For instance, if we stroll the path of a commercial wildlife park and stop to view the black bear exhibit, we quickly gain an up-close appreciation for a splendid omnivorous species indigenous to the wilds of our region. We find the experience both enjoyable and rewarding, yet the fact that the bears are penned up lessens the occasion somewhat. Only when we unexpectedly see one foraging in its natural habitat, do we get the exhilaration and full joy of a true bear encounter.
Back in the mid-’90s, Jackie and I lived in a small mountain town in northern Colorado, and for a couple of years, heard a pair of gray wolves howling almost nightly. Of course, they were confined to an unsheltered pen in a neighboring backyard, where we could see them constantly. They were large magnificent animals, and their lonely cries reminded us of the northern woods of Minnesota and Ontario. Nevertheless, we hated seeing such remarkable symbols of true wilderness caged like domestic dogs, and dreamed of watching them run wild and free, deep in some Colorado forest.
There can be no doubt about the intangible values inherent in nature, universally coveted and most often associated with what we call “the good life.” Certainly, as our population has increased over the millenniums and most people have taken to living in large metropolitan areas, the meaning of the good life has changed. But even today, most will agree that living well means enjoying a life of adequate prosperity, with freedom and plenty of open space, including natural surroundings rich with indescribable beauty and diverse wildlife.
Clearly, for us to know such a time in the face of today’s burgeoning population, global warming and dwindling resources, we must become wise stewards of what’s left of the natural environment. To now, we have recklessly exploited its intangible values for the simple sake of material wealth. We have opened and fragmented our forests, destroyed wildlife habitat and hundreds of wild species themselves. We have poisoned our air and waterways, and continue using the oceans as garbage dumps. In the name of agricultural commerce, we have extirpated wolves from Colorado and elsewhere, which we now know are critical to an ecological balance of the land.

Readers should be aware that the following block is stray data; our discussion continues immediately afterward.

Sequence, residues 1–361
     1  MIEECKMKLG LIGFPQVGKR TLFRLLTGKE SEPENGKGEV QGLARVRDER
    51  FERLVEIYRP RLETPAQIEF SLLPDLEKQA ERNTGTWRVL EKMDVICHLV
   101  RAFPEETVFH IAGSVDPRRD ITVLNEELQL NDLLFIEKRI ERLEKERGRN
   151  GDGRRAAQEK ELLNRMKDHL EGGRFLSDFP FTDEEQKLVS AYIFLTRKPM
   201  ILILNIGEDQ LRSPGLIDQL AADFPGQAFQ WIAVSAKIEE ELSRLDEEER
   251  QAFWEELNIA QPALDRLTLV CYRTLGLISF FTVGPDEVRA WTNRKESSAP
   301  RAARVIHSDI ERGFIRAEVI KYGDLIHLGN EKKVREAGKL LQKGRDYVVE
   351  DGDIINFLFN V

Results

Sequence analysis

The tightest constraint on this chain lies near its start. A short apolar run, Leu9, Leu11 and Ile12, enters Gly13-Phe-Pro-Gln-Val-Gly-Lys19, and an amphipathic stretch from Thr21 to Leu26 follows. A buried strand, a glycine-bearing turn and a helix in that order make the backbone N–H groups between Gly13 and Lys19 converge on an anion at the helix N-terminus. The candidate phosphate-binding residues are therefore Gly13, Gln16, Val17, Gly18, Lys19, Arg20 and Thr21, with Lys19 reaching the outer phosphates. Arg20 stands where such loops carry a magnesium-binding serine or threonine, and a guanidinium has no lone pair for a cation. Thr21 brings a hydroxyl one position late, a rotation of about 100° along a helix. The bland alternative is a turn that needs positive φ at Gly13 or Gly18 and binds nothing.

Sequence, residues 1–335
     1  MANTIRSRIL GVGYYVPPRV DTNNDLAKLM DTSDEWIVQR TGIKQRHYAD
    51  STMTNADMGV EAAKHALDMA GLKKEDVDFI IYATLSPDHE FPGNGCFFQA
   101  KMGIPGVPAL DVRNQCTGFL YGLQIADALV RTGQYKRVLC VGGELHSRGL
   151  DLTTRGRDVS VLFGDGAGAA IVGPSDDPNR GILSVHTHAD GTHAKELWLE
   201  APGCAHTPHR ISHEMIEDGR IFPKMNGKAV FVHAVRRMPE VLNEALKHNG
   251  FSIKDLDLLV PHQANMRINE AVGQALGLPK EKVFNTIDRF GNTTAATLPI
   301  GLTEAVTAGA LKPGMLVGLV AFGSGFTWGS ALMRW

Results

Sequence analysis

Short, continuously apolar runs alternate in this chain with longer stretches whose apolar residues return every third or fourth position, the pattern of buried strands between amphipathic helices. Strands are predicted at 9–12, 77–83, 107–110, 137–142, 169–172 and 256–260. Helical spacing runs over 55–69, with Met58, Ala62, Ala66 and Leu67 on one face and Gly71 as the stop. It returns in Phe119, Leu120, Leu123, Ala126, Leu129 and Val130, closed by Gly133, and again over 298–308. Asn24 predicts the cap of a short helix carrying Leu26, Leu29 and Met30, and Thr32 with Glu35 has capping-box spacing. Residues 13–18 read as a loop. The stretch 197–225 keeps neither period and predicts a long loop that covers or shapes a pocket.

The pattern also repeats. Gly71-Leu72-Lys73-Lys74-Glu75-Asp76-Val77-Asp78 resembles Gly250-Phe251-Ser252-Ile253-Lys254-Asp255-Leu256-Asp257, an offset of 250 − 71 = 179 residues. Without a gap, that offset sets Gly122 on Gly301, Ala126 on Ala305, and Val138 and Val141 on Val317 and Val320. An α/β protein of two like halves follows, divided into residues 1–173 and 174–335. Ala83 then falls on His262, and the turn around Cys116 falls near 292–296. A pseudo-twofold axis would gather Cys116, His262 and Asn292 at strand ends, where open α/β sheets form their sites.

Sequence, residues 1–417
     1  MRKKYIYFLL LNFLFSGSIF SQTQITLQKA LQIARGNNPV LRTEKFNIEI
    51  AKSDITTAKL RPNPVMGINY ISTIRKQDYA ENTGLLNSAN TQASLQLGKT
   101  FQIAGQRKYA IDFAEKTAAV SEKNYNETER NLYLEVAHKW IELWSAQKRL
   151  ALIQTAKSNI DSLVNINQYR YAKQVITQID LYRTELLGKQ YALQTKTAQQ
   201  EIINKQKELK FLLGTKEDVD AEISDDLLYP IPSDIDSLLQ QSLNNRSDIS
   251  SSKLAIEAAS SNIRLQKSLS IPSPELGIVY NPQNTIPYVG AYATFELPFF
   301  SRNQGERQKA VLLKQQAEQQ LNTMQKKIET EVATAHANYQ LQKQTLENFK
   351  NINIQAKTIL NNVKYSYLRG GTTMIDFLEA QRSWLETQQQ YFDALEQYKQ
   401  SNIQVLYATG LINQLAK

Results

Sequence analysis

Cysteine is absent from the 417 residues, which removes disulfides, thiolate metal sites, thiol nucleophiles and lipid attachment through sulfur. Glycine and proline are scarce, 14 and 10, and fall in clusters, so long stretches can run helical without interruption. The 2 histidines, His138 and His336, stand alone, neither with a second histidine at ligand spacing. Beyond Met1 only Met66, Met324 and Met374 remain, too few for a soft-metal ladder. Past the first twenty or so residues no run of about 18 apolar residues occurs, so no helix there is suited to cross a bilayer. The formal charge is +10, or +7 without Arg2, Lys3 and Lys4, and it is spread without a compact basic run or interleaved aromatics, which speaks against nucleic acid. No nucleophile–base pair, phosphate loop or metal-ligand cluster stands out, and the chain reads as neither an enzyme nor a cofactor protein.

In the recent past, we have witnessed the cutting of trees, the considerable movement of earth and the advancement of new roads and infrastructure to accommodate large commercial and residential developments along the highway through our town. Other projects of varying size have been in the planning and approval process, and others are envisioned for the foreseeable future.
Of these ventures, most consider them the inevitable progress that rises from rapid growth. But we must begin to question which comes first; population growth and the subsequent need for additional housing and commerce; or the random construction of industrial and residential communities, followed by a call for new businesses and citizens to occupy them. As long as we allow outside developers to dictate what we need, we will allow them to exploit our picturesque environment for their own personal profit.
If, for succeeding generations, we are to preserve the intangible, yet indisputable, worth of our pristine woodlands, crystalline rivers and pure mountain air, we must find ways to curb population growth and slow the demand for unfettered development. If our children, and their children, are to know the value of a moonlit walk in an old-growth forest, or the glory of a blaze-orange sunset resonating from the snowy slopes of a high alpine summit, we have to imagine life with less, rather than always seeking more. Only by finding ways of conserving what remains, can we assure our requirements for the future.